With protective steps in mind, retailers are planning the in-store experience, reshaping store layout from the entry to checkout, and using in-store technologies to restrict capacity and maintain physical distancing measures. For smaller , local open air markets, Dutch design company Shift Architecture Urbanism developed a social distancing solution: a 16-square grid that is defined with tape and barriers on the ground of the venue, and also a sectioned-off waiting area that is marked for the necessary standing space between clients.
Retailers can provide in-the-moment expert advice virtually by providing customers the opportunity to digitally communicate with local, in-store retailers through video and text, or to use immersive interactive showrooms to test the product. French clothing company A.P.C. delivers simulated appointments for its customers, booked online and supervised by a guide who directly guides them to the new products. Throughout these walk-throughs, buyers can order goods, and the A.P.C. team ships them directly.
The adoption of voice-activated technologies through personal devices, booths and robotics is yet another way to teach shoppers about how to safely navigate shops. A voice-intelligent robot named Pepper has been launched by the German grocery chain Edeka, which advises consumers on how to follow the social-distance procedure, as well as gives information on in-store activities being witnessed.
AI-powered applications allow consumers to quickly access product data and information from their own smartphone and further minimize points of touch. Scandit’s Swiss barcode scanning system has established a smartphone AR-enabled interface that allows shoppers to pick food preferences and afterwards scan barcodes on items to check for allergies or limits. This feature, shown in virtual reality, helps shoppers to discover specific items without having to contact them.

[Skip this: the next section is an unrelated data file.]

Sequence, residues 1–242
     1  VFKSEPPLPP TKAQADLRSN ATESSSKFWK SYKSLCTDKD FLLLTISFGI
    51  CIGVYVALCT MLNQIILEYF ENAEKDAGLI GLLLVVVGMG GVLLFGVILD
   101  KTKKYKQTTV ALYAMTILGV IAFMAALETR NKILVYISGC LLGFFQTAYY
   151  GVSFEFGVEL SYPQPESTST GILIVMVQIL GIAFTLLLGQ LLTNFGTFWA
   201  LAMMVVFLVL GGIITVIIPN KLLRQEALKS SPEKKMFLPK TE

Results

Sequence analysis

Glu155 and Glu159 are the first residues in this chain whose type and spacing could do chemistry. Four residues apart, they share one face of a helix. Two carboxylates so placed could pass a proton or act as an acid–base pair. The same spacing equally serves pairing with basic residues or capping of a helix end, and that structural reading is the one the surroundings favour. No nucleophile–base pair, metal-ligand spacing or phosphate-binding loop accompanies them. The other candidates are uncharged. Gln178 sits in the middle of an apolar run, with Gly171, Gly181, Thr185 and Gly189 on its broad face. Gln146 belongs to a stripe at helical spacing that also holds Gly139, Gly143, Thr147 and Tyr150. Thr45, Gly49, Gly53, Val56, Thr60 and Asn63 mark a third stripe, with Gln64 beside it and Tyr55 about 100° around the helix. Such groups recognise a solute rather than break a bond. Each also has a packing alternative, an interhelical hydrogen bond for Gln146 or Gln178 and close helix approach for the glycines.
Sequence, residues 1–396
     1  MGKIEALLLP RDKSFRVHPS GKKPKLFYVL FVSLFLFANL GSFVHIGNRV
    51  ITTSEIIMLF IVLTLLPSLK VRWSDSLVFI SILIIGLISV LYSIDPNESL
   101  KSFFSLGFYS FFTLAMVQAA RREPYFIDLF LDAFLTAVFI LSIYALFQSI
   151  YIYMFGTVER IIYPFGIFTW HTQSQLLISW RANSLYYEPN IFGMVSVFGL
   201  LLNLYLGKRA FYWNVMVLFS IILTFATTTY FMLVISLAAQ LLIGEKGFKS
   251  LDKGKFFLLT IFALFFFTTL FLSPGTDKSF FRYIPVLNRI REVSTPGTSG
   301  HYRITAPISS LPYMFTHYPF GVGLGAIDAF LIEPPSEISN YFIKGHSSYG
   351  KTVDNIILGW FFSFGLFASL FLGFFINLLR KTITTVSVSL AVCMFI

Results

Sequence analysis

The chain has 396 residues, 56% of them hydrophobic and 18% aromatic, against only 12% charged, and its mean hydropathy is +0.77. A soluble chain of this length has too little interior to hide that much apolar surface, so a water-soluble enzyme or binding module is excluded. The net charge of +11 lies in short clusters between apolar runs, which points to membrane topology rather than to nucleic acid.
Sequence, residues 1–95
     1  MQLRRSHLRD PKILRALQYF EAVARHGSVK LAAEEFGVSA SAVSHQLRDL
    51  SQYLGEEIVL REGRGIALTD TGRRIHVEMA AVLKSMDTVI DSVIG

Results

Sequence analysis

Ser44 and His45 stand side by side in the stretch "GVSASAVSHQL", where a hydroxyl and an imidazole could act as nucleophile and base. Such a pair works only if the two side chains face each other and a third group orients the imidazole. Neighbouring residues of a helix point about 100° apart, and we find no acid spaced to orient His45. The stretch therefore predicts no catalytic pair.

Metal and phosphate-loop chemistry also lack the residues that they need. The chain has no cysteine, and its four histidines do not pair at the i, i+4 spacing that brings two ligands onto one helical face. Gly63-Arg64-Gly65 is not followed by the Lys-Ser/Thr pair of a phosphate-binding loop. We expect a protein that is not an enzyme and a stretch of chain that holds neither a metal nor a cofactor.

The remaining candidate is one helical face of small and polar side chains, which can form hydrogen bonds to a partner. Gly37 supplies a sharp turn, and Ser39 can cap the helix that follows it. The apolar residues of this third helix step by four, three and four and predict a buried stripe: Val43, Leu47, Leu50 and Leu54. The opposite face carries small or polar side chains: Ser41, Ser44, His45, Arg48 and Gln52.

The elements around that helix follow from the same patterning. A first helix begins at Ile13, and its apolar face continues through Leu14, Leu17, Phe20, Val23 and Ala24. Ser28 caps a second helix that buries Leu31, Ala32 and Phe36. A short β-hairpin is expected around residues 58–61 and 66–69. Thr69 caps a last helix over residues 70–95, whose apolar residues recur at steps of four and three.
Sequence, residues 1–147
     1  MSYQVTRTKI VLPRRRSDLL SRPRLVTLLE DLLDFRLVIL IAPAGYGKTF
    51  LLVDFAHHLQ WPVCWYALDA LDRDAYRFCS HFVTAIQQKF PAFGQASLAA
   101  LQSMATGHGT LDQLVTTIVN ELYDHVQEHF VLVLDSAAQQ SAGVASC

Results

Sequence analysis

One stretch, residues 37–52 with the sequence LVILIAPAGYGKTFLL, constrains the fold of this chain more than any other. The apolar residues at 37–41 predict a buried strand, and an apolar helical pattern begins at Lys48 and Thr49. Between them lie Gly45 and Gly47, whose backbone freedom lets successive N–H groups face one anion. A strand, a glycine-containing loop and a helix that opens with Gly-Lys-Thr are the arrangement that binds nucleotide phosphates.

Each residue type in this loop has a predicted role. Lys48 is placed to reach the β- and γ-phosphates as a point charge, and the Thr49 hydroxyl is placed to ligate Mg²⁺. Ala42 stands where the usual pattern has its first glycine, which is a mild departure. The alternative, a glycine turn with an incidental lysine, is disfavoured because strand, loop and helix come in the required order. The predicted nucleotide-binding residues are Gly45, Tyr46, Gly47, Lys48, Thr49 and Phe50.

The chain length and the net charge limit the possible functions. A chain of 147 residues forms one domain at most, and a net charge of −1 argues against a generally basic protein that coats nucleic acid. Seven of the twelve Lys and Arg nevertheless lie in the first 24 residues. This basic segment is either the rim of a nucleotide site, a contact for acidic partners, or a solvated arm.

Branded products and customer wearable devices are being extended to enable contactless purchases via integrated payment chips and software, in addition to using applications. In-store payment technology facilitates contactless purchases at selected Starbucks Japan stores using labeled pens, handbags, and phone cases, all connected to the digital wallets of consumers. Guests will tap the payment terminal to check out each item.
Retailers are now shifting social distance delivery practices, interacting with customers to fulfill digital transactions at the curb and offering in-app reminders until orders are ready, regular notifications, and guidance when they reach on-site, and also a final touchless handoff to the trunk of their car. Craft shop retailer Michaels and UPS postal delivery system are working on a curbside operation, enabling shoppers to ship their orders directly to one of Michaels stores’ 800 UPS Access Points newly opened. Upon delivery, the customer’s package will be identified by an employee and loaded straight into their car trunk.
Optimizing For Staff
Businesses are taking steps to build the best possible environment, from offering regular testing and precautions to creating socially-distant work environments, with workers now taking greater risks as part of their everyday working. Tech firm Rombit has adapted its current wireless bracelet Romware One to measure social distance and provide contact monitoring features, helping guide office logistics to warn workers as they get closer than six feet through vibration.